Pull type. Pull-type lockbolts are used mainly in aircraft primary and secondary structures. They are installed very rapidly and have approximately one-half the weight of equivalent AN steel bolts and nuts. A special pneumatic “pull gun" is required to install this type of lockbolt. Installation can be accomplished by one person since bucking is not required.
Stump type. Stump-type lockbolts, although they do not have the extended stem with pull grooves, are companion fasteners to pull-type lockbolts. They are used primarily where clearance will not permit installation of the pull-type lockbolt. A standard pneumatic riveting hammer (with a hammer set attached for swaging the collar into the pin locking grooves) and a bucking bar are tools necessary for the installation of stump-type lockbolts.
Blind type. Blind-type lockbolts come as complete units or assemblies. They have exceptional strength and sheet pull-together characteristics. Blind lockbolts are used where only one side of the work is accessible and, generally, where it is difficult to drive a conventional rivet. This type of lockbolt is installed in the same manner as the pull-type lockbolt.
Common features. Common features of the three types of lockbolts are the annular locking grooves on the pin and the locking collar which is swaged into the pin’s lock grooves to lock the pin in tension. The pins of the pull- and blind-type lockbolts are extended for pull installation. The extension is provided with pulling grooves and a tension breakoff groove.
Composition. The pins of pull- and stump-type lockbolts are made of heat-treated alloy steel or high strength aluminum alloy. Companion collars are made of aluminum alloy or mild steel. The blind lockbolt consists of a heat-treated alloy steel pin, blind sleeve and filler sleeve, mild steel collar, and carbon steel washer.
Substitution. Alloy steel lockbolts may be used to replace steel high-shear rivets, solid steel rivets, or AN bolts of the same diameter and head type. Aluminum alloy lockbolts may be used to replace solid aluminum alloy rivets of the same diameter and head type. Steel and aluminum alloy lockbolts may also be used to replace steel and 2024T aluminum alloy bolts, respectively, of the same diameter. Blind lockbolts may be used to replace solid aluminum alloy rivets, stainless steel rivets, or all blind rivets of the same diameter.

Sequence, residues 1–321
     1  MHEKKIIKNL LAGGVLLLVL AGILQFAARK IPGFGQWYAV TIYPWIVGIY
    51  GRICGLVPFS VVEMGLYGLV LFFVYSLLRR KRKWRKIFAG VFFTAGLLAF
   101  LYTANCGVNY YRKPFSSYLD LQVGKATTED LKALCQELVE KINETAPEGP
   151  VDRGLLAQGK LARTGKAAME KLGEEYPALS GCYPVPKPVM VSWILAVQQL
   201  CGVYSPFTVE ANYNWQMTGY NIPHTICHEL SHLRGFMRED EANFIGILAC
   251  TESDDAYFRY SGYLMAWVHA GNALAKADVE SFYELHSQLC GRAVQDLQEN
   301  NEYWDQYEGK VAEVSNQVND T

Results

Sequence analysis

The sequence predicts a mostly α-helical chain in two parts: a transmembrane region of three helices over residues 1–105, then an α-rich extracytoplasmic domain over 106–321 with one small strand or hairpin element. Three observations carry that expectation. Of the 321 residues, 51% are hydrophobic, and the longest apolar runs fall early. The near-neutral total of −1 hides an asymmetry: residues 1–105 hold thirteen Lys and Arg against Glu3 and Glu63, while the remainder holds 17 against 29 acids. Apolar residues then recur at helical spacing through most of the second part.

Numbering system. The numbering systems for the various types of lockbolts are explained by the breakouts in Figure 5-23.
Grip Range. To determine the bolt grip range required for any application, measure the thickness of the material with a hook scale inserted through the hole. Once this measurement is determined, select the correct grip range by referring to the charts provided by the rivet manufacturer. Examples of grip range charts are shown in Figures 5-21 and 5-24.
When installed, the lockbolt collar should be swaged substantially throughout the complete length of the collar. The tolerance of the broken end of the pin relative to the top of the collar must be within the dimensions given in Figure 5-22.
When removal of a lockbolt becomes necessary, remove the collar by splitting it axially with a sharp, cold chisel. Be careful not to break out or deform the hole. The use of a backup bar on the opposite side of the collar being split is recommended. The pin may then be driven out with a drift punch.